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Virtual reality in the treatment of persecutory delusions: Randomised controlled experimental study testing how to reduce delusional conviction

  • Daniel Freeman (a1), Jonathan Bradley (a1), Angus Antley (a2), Emilie Bourke (a1), Natalie DeWeever (a1), Nicole Evans (a1), Emma Černis (a1), Bryony Sheaves (a1), Felicity Waite (a1), Graham Dunn (a3), Mel Slater (a4) and David M. Clark (a5)...
Abstract
Background

Persecutory delusions may be unfounded threat beliefs maintained by safety-seeking behaviours that prevent disconfirmatory evidence being successfully processed. Use of virtual reality could facilitate new learning.

Aims

To test the hypothesis that enabling patients to test the threat predictions of persecutory delusions in virtual reality social environments with the dropping of safety-seeking behaviours (virtual reality cognitive therapy) would lead to greater delusion reduction than exposure alone (virtual reality exposure).

Method

Conviction in delusions and distress in a real-world situation were assessed in 30 patients with persecutory delusions. Patients were then randomised to virtual reality cognitive therapy or virtual reality exposure, both with 30 min in graded virtual reality social environments. Delusion conviction and real-world distress were then reassessed.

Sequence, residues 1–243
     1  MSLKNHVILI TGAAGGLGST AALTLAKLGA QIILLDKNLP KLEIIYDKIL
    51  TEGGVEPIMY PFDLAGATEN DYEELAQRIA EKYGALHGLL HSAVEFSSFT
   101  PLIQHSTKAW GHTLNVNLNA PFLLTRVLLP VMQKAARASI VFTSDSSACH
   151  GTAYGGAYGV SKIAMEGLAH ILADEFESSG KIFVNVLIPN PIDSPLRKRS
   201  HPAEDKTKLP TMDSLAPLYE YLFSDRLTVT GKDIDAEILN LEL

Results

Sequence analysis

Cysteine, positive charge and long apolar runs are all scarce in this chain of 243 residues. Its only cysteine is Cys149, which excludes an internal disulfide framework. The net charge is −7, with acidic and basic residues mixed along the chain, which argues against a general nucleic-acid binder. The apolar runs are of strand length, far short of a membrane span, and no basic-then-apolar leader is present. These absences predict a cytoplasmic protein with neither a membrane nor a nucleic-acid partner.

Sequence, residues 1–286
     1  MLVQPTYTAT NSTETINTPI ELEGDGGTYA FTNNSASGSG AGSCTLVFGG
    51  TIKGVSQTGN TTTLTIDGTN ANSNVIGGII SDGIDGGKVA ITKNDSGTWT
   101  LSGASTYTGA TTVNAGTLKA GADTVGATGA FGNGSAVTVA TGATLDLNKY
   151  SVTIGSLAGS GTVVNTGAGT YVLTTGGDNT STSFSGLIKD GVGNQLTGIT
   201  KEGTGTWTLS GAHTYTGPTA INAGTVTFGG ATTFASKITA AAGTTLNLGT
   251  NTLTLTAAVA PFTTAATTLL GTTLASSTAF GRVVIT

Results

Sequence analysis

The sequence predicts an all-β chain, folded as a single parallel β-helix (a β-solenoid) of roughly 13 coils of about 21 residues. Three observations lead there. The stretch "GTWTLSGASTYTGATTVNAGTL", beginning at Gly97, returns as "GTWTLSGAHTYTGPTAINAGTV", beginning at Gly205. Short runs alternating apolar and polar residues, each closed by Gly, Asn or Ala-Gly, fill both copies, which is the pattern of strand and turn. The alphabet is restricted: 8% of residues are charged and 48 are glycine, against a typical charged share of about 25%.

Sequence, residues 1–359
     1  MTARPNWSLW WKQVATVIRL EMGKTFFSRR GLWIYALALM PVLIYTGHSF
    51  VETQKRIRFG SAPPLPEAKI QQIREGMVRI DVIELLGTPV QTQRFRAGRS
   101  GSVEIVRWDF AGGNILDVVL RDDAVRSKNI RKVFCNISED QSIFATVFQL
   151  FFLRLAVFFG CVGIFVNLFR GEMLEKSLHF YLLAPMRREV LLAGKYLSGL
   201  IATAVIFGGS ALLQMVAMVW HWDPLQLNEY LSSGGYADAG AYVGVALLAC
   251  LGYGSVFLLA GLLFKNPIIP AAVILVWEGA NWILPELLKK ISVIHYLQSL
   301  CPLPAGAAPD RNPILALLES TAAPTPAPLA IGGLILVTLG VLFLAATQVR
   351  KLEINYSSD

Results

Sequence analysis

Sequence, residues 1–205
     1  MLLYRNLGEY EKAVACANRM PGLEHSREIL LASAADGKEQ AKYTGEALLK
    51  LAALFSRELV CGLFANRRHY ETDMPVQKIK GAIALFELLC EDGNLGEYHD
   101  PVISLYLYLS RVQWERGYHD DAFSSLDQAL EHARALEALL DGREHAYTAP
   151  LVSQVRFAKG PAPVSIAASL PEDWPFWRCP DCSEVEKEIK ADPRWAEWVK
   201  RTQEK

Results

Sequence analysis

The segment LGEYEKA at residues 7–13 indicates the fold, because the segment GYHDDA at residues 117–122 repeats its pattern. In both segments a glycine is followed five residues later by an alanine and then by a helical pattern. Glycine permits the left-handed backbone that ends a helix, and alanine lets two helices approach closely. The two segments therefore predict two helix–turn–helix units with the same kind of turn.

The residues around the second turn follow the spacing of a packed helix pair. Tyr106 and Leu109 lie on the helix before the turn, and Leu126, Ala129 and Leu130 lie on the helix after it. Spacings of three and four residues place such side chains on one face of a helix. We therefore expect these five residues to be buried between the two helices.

Results

In comparison with exposure, virtual reality cognitive therapy led to large reductions in delusional conviction (reduction 22.0%, P = 0.024, Cohen's d = 1.3) and real-world distress (reduction 19.6%, P = 0.020, Cohen's d = 0.8).

Conclusion

Cognitive therapy using virtual reality could prove highly effective in treating delusions.

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Copyright
Corresponding author
Professor Daniel Freeman, Department of Psychiatry, University of Oxford, Warneford Hospital, Oxford OX3 7JX, UK. Email: daniel.freeman@psych.ox.ac.uk
Footnotes
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Declaration of interest

None.

Footnotes
References
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1 Freeman, D, Garety, PA, Kuipers, E, Fowler, D, Bebbington, PE. A cognitive model of persecutory delusions. Br J Clin Psychol 2002; 41: 331–47.
2 Salkovskis, PM. The importance of behaviour in the maintenance of anxiety and panic: a cognitive account. Behav Psychother 1991; 19: 619.
3 Wells, A, Clark, DM, Salkovskis, P, Ludgate, J, Hackmann, A, Gelder, M. Social phobia: the role of in-situation safety behaviours in maintaining anxiety and negative beliefs. Behav Ther 1995; 26: 153–61.
4 Salkovskis, PM, Clark, DM, Hackmann, A, Wells, A, Gelder, MG. An experimental investigation of the role of safety-seeking behaviours in the maintenance of panic disorder with agoraphobia. Behav Res Ther 1999; 37: 559–74.
5 Sloan, T, Telch, M. The effects of safety-seeking behaviour and guided threat reappraisal on fear reduction during exposure: an experimental investigation. Behav Res Ther 2002; 40: 235–51.
6 Kim, E-J. The effect of the decreased safety behaviors on anxiety and negative thoughts in social phobics. Anxiety Disord 2005; 19: 6986.
7 McManus, F, Sacadura, C, Clark, DM. Why social anxiety persists: an experimental investigation of the role of safety behaviours as a maintaining factor. J Behav Ther Exp Psychiatry 2008; 39: 147–61.
8 Freeman, D, Garety, PA, Kuipers, E. Persecutory delusions: developing the understanding of belief maintenance and emotional distress. Psychol Med 2001; 31: 1293–306.